Maurice, Prince of Orange is remembered for transforming the Dutch army with his modern military strategy and engineering. The second son of William I the Silent, he was part of the Eighty Years’ War with Spain. He passed away shortly before the siege of Breda was completed.
Johann Tserclaes, Count of Tilly was a field marshal who played a major role in the famous Thirty Years' War. A fierce field marshal, Johann Tserclaes had a string of prominent victories from 1620 to 1631 against the Protestants. He destroyed the Protestant city of Magdeburg, so much so that 20,000 inhabitants out of a population of 25,000 were dead.
Spanish conquistador Pedro de Valdivia served the Spanish army under Charles I. He led an expedition into Chile where he founded the cities of Santiago, Concepción and Valdivia, the latter was named after him. He extended Spanish rule south to the Biobío River and served as 1st Royal Governor of Chile. He also held-office as 2nd Adelantado of Terra Australis.
Lautaro was a Mapuche war leader best remembered for spearheading the indigenous resistance against the conquest of Chile by the Spanish. He led the warriors of Mapuche to a series of triumphs against the Spanish. He was killed at the Battle of Mataquito in his early 20s. Lautaro is credited with developing tactics that were used even after his death.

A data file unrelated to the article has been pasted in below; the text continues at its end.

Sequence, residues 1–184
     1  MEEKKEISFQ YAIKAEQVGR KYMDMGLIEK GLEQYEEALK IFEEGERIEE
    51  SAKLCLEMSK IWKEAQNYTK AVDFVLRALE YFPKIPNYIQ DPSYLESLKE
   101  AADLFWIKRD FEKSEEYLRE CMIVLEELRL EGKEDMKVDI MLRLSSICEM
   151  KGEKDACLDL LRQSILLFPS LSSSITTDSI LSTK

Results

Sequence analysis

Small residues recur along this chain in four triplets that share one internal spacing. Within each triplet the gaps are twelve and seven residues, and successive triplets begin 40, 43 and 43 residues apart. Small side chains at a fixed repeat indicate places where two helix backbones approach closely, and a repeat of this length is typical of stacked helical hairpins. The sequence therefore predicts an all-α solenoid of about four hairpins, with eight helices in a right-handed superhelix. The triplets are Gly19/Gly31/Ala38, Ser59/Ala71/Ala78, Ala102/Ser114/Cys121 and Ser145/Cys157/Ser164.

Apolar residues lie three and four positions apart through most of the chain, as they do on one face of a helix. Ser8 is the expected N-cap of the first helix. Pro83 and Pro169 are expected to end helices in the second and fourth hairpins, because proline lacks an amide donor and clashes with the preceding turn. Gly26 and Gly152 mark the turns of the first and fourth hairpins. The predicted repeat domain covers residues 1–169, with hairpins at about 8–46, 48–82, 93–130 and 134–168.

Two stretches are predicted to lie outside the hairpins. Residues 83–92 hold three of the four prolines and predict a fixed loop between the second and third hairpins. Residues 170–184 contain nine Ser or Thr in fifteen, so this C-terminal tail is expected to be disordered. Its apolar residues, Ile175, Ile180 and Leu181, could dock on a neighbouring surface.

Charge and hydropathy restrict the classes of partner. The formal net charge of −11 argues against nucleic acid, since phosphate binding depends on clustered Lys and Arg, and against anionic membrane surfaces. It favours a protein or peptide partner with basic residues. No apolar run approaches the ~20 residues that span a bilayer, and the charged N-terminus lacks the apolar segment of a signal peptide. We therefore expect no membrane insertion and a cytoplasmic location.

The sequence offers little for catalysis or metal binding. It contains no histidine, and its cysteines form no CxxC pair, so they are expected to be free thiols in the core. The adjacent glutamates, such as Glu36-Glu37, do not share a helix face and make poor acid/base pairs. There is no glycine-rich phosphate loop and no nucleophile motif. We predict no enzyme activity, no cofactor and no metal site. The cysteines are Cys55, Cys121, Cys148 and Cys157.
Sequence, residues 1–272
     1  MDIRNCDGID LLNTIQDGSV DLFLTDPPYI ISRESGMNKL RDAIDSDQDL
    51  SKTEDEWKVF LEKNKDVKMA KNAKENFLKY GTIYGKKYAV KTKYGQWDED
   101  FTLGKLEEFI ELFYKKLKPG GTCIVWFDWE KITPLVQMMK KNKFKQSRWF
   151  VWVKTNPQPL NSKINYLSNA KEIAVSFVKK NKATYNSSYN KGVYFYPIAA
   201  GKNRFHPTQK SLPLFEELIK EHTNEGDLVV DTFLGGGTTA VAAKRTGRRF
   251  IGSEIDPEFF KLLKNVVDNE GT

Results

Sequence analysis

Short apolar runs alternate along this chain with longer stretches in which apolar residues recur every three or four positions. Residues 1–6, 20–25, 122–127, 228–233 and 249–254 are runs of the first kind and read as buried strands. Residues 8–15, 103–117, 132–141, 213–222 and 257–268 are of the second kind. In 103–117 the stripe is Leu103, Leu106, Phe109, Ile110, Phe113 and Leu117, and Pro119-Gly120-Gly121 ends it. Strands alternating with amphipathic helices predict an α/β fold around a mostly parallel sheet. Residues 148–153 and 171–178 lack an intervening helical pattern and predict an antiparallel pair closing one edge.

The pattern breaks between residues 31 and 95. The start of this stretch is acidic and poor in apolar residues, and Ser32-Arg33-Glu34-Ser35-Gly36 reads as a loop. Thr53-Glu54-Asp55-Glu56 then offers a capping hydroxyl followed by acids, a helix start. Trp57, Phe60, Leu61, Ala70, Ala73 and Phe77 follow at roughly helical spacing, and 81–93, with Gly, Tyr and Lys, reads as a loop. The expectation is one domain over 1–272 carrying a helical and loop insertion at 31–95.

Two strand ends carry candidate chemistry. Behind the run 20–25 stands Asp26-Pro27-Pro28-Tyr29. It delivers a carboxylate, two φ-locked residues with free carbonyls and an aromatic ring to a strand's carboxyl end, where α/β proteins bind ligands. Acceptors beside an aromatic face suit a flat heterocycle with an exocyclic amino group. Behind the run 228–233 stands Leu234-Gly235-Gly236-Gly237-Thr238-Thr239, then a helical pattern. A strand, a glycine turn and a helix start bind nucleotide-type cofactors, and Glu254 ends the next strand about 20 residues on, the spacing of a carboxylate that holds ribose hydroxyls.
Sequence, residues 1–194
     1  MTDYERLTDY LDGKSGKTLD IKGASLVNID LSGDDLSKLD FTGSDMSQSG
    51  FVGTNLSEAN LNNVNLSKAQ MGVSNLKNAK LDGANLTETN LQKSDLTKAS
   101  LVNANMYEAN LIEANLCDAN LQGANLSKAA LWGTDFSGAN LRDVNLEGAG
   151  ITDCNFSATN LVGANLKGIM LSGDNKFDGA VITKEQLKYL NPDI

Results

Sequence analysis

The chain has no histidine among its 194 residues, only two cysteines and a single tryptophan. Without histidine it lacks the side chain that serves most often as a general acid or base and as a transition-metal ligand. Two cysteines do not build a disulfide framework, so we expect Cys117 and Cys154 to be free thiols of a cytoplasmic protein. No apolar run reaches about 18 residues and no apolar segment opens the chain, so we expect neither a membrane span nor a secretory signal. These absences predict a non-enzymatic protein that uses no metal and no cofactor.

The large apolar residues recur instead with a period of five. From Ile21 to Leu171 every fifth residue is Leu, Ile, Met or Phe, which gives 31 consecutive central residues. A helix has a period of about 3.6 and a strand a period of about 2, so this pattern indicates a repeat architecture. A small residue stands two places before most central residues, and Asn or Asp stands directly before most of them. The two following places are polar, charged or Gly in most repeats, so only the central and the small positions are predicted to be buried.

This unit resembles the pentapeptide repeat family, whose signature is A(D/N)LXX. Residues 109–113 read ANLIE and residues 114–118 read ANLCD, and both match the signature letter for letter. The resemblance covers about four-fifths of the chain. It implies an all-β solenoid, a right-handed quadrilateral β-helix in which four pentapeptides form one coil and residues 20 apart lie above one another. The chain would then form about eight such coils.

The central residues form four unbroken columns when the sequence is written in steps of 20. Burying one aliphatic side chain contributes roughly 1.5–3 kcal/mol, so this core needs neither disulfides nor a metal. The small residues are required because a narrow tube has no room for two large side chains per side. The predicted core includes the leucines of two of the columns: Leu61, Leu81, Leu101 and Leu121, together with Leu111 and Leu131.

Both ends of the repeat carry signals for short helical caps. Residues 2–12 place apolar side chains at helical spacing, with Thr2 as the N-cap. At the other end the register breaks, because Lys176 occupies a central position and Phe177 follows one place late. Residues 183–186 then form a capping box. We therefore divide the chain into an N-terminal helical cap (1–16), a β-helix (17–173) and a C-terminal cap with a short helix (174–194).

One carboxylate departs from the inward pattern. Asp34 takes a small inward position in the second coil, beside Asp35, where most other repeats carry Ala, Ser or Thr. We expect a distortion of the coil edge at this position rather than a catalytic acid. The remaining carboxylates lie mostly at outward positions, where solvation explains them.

A 16th-century Duke of Savoy, Emmanuel Philibert, also known as Testa di ferro, was the only child of Charles III, Duke of Savoy. An able soldier, he is remembered for recovering most of the territories his father had lost to Spain and France. He also stressed on Italian as the official language.
Samurai warrior Maeda Toshiie was a leading general of the Sengoku period and served Oda Nobunaga. He was known for his mastery with a traditional Japanese blade-like weapon called yari. He showcased his military exploits in battles such as the Battle of Tedorigawa and trusted a core group of vassals.
Jean Ribault was a French navigator and naval officer. He is best remembered for colonizing what would eventually become the American Southeast. Jean Ribault also played an important role in the attempts of the French to colonize Florida.
Sixteenth-century English nobleman Walter Devereux, 1st earl of Essex is known for his infamous and unsuccessful attempt to colonize Ulster, an Irish province. His brutal raids included the murders of numerous people, including the families of top officials and the women and children he found hiding in caves.